For nearly 40 years, Richard Misrach's eye has been drawn to landscapes — or maybe the more accurate term would be topologies: studies of shapes and movement and light, whether the subject be a mountain chain or a forest fire or a collection of people on a beach.
As is the case for many photographers, Misrach's early influences were landscape artists like Ansel Adams and social documentarians like Dorothea Lange. With a fastidious technical approach, he surfed the creative artistic wave of the 1960s, arriving at a distinctive vision: large-scale color photographs, teetering on the verge of surreal. Part of this vision, his On The Beach series, is now on display at Atlanta's High Museum Of Art.
It's not easy to capture fleeting beach scenes with a cumbersome 8x10 camera, Misrach once explained in a National Gallery of Art interview. Even when working quickly, it can take over a minute to successfully make a photograph — just enough time for a swimmer to float right out of the frame. But it's that painstaking process that makes Misrach's photos so interesting. His post-production experiments help, too. Using digital tools, Misrach has played with cropping and what he calls "digital intervention" — or removing extraneous objects and figures.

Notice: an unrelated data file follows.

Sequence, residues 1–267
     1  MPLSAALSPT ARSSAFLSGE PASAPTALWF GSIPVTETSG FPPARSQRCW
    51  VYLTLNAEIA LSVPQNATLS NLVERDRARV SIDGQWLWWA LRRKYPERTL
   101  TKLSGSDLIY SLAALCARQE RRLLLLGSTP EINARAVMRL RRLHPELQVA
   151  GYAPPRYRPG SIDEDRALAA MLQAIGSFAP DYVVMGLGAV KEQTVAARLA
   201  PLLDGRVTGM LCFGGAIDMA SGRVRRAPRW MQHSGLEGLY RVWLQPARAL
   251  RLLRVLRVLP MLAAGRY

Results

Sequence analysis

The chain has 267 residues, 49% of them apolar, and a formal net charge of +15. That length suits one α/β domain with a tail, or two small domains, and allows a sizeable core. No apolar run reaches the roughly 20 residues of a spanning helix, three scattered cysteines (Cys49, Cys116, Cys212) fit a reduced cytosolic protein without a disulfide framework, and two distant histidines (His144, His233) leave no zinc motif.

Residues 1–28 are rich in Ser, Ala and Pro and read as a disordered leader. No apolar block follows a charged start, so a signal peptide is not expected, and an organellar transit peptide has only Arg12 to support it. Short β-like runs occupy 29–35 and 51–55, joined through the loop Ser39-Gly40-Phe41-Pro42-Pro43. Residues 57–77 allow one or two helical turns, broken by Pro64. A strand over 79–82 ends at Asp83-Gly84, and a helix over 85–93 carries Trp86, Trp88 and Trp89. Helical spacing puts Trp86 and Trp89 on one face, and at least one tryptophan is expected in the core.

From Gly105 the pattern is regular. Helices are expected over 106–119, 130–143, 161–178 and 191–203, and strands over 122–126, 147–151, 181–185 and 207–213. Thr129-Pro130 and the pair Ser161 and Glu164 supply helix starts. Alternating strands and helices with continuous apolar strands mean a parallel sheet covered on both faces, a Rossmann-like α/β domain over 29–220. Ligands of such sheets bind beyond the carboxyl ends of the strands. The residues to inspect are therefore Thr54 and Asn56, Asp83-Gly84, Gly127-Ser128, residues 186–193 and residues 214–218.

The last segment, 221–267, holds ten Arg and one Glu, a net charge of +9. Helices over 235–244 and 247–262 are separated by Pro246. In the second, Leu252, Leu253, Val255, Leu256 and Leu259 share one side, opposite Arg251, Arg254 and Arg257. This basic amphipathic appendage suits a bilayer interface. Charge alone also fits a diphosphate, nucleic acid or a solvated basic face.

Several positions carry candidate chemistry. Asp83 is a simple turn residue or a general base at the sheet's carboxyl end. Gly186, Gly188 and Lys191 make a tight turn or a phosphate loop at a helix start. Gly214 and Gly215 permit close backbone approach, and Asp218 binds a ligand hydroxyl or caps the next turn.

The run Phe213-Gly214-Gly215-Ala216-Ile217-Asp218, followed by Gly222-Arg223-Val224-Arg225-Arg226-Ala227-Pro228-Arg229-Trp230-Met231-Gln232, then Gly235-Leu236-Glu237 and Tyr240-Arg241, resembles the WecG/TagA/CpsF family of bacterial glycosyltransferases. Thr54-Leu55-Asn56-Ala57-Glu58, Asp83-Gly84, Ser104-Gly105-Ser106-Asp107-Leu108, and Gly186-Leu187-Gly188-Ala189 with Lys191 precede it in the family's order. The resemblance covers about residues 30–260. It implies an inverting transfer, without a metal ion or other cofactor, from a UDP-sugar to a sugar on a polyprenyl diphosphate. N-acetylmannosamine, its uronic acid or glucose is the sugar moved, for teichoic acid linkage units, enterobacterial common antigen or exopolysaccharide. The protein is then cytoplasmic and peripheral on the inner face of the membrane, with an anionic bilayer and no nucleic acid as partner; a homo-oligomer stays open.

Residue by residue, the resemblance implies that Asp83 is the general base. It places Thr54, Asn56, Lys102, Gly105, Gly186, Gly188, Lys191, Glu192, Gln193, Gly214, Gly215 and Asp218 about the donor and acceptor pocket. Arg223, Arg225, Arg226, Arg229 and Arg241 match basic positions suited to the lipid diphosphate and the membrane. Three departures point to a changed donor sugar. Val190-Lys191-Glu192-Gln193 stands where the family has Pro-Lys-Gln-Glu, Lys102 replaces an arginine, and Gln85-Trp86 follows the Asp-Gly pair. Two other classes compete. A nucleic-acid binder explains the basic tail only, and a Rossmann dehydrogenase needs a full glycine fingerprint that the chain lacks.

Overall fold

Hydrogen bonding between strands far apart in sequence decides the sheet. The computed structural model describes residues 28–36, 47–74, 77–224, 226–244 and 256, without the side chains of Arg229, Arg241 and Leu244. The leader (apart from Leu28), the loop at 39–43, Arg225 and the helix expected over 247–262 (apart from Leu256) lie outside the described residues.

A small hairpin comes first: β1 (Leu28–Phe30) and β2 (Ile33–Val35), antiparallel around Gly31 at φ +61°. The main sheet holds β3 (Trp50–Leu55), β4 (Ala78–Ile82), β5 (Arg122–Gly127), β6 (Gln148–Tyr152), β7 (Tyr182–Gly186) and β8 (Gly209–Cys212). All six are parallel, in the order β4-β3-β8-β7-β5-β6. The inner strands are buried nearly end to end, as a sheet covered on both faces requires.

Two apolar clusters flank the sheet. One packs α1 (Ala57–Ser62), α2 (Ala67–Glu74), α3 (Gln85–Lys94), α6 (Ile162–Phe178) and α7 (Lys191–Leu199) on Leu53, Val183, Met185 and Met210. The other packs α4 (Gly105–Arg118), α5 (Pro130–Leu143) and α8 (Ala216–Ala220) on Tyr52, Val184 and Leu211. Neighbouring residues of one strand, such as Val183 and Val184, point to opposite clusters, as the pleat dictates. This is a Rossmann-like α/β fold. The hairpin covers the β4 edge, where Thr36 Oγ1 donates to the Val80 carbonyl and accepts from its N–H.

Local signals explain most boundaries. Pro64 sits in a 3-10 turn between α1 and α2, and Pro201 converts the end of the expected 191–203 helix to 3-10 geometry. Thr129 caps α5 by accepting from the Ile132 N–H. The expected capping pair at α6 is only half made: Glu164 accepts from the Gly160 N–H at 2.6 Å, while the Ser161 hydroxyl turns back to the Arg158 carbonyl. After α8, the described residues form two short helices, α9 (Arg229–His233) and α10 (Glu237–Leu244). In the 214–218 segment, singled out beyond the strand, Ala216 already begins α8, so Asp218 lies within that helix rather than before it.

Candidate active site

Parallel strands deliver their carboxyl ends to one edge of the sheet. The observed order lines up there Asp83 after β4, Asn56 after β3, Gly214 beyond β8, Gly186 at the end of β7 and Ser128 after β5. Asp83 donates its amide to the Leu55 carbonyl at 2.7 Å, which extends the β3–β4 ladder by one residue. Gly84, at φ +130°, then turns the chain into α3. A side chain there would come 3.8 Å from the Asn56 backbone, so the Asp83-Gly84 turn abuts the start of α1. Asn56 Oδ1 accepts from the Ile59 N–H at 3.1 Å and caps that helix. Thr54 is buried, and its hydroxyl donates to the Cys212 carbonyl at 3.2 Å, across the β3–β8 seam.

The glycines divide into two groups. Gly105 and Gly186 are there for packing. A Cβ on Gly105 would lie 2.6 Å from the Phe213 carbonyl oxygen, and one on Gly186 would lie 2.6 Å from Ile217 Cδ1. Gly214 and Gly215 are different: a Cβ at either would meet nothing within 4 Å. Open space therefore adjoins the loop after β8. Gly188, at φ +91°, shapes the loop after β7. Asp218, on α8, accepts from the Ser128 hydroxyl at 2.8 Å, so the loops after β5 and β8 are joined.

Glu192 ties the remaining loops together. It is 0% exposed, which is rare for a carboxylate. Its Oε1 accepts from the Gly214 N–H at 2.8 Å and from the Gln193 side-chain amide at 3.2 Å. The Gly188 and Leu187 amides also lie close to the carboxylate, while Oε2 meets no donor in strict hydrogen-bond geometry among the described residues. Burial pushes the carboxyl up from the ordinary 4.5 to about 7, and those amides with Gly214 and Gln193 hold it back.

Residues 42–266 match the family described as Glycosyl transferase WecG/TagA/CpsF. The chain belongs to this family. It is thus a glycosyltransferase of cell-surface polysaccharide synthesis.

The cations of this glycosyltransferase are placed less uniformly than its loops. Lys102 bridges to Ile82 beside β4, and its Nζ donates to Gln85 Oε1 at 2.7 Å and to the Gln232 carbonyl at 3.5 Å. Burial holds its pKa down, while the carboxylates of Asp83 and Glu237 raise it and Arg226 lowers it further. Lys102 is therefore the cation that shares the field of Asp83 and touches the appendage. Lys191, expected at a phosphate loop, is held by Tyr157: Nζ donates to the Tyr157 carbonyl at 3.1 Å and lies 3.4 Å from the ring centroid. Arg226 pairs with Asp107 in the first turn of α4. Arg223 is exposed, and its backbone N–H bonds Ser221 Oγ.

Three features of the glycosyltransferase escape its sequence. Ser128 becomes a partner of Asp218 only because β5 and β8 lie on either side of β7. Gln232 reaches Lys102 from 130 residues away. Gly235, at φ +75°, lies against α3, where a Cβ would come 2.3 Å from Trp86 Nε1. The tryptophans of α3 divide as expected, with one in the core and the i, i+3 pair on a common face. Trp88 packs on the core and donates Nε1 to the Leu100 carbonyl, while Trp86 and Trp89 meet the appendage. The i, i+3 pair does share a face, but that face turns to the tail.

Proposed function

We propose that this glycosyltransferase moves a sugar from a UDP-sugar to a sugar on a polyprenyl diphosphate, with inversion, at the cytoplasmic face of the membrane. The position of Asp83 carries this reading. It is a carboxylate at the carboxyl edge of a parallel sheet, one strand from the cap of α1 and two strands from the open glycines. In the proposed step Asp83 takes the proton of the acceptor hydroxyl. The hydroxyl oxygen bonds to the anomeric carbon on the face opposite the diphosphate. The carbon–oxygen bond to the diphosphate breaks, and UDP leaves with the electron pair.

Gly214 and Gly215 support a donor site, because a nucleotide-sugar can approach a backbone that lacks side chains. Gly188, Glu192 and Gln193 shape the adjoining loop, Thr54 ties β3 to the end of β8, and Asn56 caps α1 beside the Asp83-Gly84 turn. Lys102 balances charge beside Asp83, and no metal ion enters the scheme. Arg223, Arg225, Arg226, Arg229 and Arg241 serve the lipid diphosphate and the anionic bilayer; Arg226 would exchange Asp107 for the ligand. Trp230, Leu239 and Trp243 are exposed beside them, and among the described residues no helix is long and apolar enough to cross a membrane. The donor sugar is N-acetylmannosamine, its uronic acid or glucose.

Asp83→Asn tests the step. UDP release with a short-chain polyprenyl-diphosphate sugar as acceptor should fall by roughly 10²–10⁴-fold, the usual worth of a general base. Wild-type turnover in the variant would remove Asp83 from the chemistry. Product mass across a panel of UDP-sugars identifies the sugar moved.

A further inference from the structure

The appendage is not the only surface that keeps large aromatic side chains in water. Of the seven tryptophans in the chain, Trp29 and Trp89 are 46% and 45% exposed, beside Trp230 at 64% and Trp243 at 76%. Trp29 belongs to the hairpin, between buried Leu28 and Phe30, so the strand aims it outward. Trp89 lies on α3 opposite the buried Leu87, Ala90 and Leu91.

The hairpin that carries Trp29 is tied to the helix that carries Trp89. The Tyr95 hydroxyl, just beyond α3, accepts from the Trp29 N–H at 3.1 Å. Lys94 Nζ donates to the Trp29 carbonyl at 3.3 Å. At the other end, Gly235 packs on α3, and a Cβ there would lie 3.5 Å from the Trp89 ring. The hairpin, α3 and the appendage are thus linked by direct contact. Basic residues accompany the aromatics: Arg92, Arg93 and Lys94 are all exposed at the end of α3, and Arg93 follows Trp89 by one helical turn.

Cropping both the horizon and the sky from the frame, Misrach provides an aerial, seemingly omniscient view of swimmers and sunbathers below. Although the beach is typically a destination for relaxation, there's a certain foreboding and vulnerability to these photos. Which is partially because they were made in the days after September 11, when anxiety was high, as was the desire to just get away. It's these nuances of human behavior that distinguish Misrach's landscapes from those of his predecessors.
- To learn more about Misrach and his "On The Beach" series, check out the High Museum's Web feature.
- Hear the artist discuss his work with Sarah Greenough, senior curator of photographs at the National Gallery of Art, in a three-part podcast.
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